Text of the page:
Additionally, challenges delayed some RFREs in opening until as late as March, leaving some refugee children with less than three months of the school year.

As a result, the Ministry is looking at the 2017-2018 school year as another transitional year for refugee integration, hoping to learn from last year’s failures.

Decisions for what type of education program each child should attend will be made on a case-by-case basis depending on previous education, knowledge of the Greek language and living situation.  The goal, as was last year, is to ensure that all refugee children in the mandatory school age group have access to education at some level.

Refugees residing outside of the camps in other temporary housing will continue to have access to the public schools near their residence.  There they can attend morning Reception Classes with extra support.

But the concept of integrating non-Greek speaking students amongst their own children has many Greek people concerned.  The Greek Nationalist party, Golden Dawn, has taken up the fight against the integration of refugees into Greek schools.

The Golden Dawn party spokesperson and Member of Parliament Ilias Kasidiaris explained the party’s stance saying it was a risk to Greek children’s education.

“How can you put a child who doesn’t speak the Greek language well into a class with Greek children without it affecting the Greek children?” Kasidiaris asked.  “It cannot be done.”

Leaders of the Greek Non-Government Organization (NGO) Metadrasi disagree.  For Metadrasi’s founder, integration of refugee school children into Greek society is the missing link to this crisis that needs to be met.

Metadrasi created the Step 2 School Summer Educational Program to prepare children to be integrated into Greek schools.  The program is open to refugees of all backgrounds ages 6-17. There are even classes for parents that are interested in taking language courses.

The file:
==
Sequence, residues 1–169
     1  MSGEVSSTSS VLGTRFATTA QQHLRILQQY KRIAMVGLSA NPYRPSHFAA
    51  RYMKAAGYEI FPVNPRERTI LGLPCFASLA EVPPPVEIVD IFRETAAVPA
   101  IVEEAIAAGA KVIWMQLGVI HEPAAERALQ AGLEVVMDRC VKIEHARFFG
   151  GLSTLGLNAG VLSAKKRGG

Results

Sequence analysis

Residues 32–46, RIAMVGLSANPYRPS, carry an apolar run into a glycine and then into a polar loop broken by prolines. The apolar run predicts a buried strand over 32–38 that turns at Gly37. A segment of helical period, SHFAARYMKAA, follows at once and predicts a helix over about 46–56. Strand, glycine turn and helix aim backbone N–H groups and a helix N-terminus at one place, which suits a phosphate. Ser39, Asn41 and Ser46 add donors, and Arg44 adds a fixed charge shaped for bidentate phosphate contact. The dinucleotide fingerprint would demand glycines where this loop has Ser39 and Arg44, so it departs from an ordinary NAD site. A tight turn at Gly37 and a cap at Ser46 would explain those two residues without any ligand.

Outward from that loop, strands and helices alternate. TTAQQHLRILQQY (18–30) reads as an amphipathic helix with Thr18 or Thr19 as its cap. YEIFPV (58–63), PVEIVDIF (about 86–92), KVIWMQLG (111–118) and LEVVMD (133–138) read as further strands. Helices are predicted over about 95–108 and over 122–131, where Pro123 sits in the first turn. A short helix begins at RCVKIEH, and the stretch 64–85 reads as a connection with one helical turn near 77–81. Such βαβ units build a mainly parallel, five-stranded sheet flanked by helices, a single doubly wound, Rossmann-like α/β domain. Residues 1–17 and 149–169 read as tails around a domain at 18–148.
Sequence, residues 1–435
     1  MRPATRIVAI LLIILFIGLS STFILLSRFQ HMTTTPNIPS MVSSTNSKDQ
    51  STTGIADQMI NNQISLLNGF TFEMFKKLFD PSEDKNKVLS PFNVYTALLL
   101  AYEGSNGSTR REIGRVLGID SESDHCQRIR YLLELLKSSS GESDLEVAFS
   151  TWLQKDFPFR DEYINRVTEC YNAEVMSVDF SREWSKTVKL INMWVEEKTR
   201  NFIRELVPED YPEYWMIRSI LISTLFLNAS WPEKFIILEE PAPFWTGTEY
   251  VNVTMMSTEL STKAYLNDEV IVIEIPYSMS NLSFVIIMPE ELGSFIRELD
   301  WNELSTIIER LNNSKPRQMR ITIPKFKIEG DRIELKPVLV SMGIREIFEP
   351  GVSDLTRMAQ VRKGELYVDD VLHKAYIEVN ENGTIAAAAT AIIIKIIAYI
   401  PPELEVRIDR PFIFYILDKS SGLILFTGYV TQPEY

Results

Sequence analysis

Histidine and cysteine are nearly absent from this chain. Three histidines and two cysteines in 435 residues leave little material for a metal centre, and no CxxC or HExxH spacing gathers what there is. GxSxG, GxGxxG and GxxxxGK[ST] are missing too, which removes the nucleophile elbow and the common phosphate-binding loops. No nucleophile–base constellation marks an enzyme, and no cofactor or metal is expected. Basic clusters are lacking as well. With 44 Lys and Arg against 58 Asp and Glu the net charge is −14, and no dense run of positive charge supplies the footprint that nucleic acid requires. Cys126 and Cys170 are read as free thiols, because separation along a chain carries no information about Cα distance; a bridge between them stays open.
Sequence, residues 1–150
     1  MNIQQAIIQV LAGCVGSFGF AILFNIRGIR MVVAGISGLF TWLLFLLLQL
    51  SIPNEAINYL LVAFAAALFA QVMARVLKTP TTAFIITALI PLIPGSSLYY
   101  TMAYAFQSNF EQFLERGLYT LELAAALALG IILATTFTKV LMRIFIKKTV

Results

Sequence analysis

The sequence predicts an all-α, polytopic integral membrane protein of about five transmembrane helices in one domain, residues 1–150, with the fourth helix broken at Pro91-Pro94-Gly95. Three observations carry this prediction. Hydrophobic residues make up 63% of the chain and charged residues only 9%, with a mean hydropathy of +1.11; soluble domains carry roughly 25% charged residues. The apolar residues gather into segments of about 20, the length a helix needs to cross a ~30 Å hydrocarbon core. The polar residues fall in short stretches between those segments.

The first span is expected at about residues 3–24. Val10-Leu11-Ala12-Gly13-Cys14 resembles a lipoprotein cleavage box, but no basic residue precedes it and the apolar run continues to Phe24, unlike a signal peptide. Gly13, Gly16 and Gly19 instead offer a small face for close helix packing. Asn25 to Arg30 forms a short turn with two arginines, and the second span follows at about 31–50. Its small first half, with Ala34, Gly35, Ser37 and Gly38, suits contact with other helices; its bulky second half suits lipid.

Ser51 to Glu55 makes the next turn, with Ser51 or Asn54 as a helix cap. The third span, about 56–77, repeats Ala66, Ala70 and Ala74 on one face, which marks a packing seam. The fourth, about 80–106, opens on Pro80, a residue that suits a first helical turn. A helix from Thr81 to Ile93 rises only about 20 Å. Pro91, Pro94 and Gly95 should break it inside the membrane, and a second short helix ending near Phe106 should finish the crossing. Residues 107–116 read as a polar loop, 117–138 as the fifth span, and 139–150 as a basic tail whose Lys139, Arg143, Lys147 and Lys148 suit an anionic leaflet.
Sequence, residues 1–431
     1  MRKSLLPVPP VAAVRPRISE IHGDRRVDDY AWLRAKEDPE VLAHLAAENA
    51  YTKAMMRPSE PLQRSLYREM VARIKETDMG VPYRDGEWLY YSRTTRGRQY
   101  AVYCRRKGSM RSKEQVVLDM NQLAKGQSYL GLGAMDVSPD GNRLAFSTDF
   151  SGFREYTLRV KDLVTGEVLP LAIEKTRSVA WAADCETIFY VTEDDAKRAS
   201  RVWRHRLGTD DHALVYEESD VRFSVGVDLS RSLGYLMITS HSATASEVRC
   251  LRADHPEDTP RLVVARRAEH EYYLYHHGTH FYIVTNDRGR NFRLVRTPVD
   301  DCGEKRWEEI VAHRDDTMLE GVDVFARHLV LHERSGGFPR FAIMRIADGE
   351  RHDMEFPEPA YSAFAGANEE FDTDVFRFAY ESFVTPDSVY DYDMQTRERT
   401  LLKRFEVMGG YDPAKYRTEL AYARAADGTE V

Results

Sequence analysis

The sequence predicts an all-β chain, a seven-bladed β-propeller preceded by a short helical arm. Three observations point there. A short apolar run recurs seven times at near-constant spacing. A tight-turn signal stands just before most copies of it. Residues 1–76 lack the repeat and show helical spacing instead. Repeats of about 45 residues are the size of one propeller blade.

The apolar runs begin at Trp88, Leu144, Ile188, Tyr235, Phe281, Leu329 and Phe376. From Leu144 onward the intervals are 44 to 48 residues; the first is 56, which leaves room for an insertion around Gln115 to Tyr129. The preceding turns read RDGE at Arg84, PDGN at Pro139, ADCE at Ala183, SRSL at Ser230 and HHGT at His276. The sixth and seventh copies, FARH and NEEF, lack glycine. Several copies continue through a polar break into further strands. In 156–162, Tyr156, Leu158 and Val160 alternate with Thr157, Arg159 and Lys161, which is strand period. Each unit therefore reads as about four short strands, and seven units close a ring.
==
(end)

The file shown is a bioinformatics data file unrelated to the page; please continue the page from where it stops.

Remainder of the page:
“We said okay now Metadrasi has to do something this summer,” said Lora Pappa, founder and president of Metadrasi.  “September is coming and again we will have the same percentage.”

Four hundred children from the Athens area came to the first day of Metradrasi’s summer school, proving to Pappa that the desire for education is there.

Many other NGOs, volunteer groups and other organizations have stepped in to attempt to fill the education gap in the camps without access to public school.  These NGOs provide informal education located in the camps.

This informal education does what it can to keep children busy and learning during their formal education gap.  However, it lacks in quality and effectiveness, as many of the teachers are not trained educators, but social workers or volunteers.

These children have risked everything and experiences severe trauma for a better life in another part of the world.  Every month that passes without education sets the child back further and further and creates greater difficulties in adjusting to life once reaching their eventually destination.

The first transitional school year proved to be riddled with challenges and only marginally effective in fighting the education gap.  However, valuable first steps were taken toward integration.  The leaders of the integration effort, such as Pappa, will continue to break down barriers and overcome adversity.

“Many times people say ‘Oh Miss Pappa you live in another world’,” Pappa said, laughing.  “I think it’s good.  I hope I can continue to live in another world.”